There’s a movie that I watched on the 18 hours of air-time flying back to Nairobi from Edmonton, Alberta called “Inside Out”. It personifies the different emotions that make up our personality. It was great timing to watch, because I think we’ve hit all those emotions in our transition back … joy, anger, fear, disgust, and sadness.
We landed into Jomo Kenyatta at 9:00PM Friday, an hour earlier than scheduled. Great, right? Joy! Then we entered the immigration line and waited… and waited … and waited …and the realization that we’ve departed not just from America, but also from the quick pace we had become accustomed to, seeped in. As sheer exhaustion set in, joy faded. We just wanted to get home.
A new day brought new energy – JOY with lying horizontal for a full night’s sleep, or at least 5 hours, and reconnecting with old friends and meeting new team members that arrived while we were in America.
It’s an interesting conundrum to re-engage in a third world country again. Nairobi hasn’t changed much, except I really think the potholes have gotten worse. Traffic is as crazy as ever, and to try to increase efficiency, some round-abouts and turns have been closed (and really confused our GPS that is doing its best to direct us where we need to go).
The fumes of exhaust and wood smoke burn our throats again. Monkeys walk tight-rope over power lines and slide down the slide (true story!). Our mornings start with hearing Muslim chanting from the mosque down the road. As I was walking to see a friend in another neighborhood, a man who was inebriated (I think) and staggering past me suddenly realized he had passed a muzungu (white person) and quickly turned to try to get my attention. I smiled and continued on … my white skin stands out again.
Many times in this last week, I smiled and continued on, refusing to let disgust, anger, or fear catch hold. I reflect on two years ago when we were seeing this all for the first time, and feel comfort that it’s not shocking this time.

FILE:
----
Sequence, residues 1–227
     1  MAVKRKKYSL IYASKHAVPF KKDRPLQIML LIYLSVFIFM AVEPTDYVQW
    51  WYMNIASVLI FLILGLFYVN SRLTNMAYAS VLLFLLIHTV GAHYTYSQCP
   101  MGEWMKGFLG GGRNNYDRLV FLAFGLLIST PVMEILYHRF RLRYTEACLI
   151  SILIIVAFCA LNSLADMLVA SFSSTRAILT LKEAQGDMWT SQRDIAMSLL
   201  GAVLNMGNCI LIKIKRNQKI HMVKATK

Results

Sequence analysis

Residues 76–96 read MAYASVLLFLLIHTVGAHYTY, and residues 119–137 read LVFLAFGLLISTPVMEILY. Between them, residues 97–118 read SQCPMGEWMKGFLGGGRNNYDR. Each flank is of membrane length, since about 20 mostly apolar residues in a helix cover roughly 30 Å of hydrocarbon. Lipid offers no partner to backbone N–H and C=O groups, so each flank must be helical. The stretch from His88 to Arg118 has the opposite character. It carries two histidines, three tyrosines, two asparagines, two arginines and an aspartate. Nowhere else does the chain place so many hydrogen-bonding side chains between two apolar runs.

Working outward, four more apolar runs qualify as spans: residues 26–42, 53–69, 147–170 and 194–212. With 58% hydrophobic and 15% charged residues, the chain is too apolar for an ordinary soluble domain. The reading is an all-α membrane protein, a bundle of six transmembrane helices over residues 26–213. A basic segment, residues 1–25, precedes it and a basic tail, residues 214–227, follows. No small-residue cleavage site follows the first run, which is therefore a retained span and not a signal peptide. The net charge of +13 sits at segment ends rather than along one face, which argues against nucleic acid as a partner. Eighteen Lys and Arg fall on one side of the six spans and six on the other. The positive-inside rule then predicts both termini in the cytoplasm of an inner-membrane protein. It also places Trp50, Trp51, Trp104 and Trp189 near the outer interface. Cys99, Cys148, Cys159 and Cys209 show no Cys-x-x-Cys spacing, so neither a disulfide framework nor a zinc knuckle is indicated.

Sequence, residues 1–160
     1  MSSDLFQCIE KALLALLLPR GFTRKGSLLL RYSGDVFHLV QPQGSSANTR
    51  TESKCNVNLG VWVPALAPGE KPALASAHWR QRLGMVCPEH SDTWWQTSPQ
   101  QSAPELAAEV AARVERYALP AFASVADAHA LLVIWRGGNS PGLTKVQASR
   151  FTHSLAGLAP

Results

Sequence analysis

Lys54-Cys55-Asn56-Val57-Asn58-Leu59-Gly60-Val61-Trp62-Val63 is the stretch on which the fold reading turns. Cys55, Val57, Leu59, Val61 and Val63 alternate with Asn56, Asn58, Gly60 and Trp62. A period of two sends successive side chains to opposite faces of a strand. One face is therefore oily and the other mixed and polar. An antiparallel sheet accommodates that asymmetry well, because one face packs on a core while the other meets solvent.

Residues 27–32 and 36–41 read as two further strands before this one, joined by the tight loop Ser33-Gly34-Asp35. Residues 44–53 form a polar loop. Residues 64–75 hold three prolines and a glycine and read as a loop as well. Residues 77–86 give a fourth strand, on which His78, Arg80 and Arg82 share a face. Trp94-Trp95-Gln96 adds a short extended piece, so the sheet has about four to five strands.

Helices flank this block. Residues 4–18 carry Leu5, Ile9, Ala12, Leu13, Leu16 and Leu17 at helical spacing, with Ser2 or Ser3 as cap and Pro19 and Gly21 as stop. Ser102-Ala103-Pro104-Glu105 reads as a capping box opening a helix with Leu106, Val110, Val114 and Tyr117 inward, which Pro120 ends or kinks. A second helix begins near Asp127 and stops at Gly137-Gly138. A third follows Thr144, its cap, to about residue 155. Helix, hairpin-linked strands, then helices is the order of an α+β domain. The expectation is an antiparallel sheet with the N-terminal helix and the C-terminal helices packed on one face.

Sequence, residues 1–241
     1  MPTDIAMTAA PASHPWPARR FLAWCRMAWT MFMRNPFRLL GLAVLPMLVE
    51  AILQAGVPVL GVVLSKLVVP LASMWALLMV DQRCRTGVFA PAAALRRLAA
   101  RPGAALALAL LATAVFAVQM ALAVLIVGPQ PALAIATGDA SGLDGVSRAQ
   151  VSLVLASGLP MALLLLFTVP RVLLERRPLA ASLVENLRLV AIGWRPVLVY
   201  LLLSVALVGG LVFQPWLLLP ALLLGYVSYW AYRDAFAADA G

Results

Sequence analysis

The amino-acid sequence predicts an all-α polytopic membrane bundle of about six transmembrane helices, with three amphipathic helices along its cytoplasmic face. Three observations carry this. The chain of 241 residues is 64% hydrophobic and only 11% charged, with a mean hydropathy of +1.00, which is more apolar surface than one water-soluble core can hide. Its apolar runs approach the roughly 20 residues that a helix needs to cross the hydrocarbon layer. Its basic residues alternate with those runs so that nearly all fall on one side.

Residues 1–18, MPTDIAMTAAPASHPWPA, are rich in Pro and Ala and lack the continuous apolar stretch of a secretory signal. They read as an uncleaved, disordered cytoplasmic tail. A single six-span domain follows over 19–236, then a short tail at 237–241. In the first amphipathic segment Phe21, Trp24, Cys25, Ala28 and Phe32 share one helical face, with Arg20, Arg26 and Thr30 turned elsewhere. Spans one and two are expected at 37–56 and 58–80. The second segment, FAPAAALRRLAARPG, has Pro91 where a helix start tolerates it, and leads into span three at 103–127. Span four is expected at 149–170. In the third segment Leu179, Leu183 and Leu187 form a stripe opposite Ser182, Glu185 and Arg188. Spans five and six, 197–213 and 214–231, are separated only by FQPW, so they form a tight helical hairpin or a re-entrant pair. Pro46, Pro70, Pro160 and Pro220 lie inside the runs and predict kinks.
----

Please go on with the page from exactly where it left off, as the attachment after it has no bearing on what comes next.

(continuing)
Also this week, we received news that some of our dearest friends have experienced some trials since we’ve been gone and will be heading back to the States earlier than originally scheduled. Our hearts cried with them. We weren’t here. I think that might be one of the things about being a missionary that you can’t prepare yourself for … the desire to be with all the people you love at the same time. We’re thankful for the rich time we had with friends and family in North America, but a hole was left in our life here. Sadness.
Joel has had a whirlwind week of getting his flight details in order, studying for his Caravan tests (which he took AND PASSED!!! Friday), getting base checks done and back in the flow of AIM AIR. His endurance amazes me, but I guess that’s part of the reason God called him to be a missionary pilot. It’s not for the faint of heart.
This is our life, our mission family, our home. It FEELS like home. We can’t wait to get to Loki … another couple of weeks. We have conference next week, and then home to Loki. As Renee and Ian say, “Home is where the cats are.” Home means different things to different people, but for me, home is where I slip back into somewhat of a regular schedule. Home is where I breathe. Not that I haven’t been breathing, but I’m sure you know what I mean.
Through all the range of emotions in yet another transition, joy is by far the ruling emotion in all of us. We’re where we’re supposed to be. God has kept our hearts united in Him, to each other, and to this land.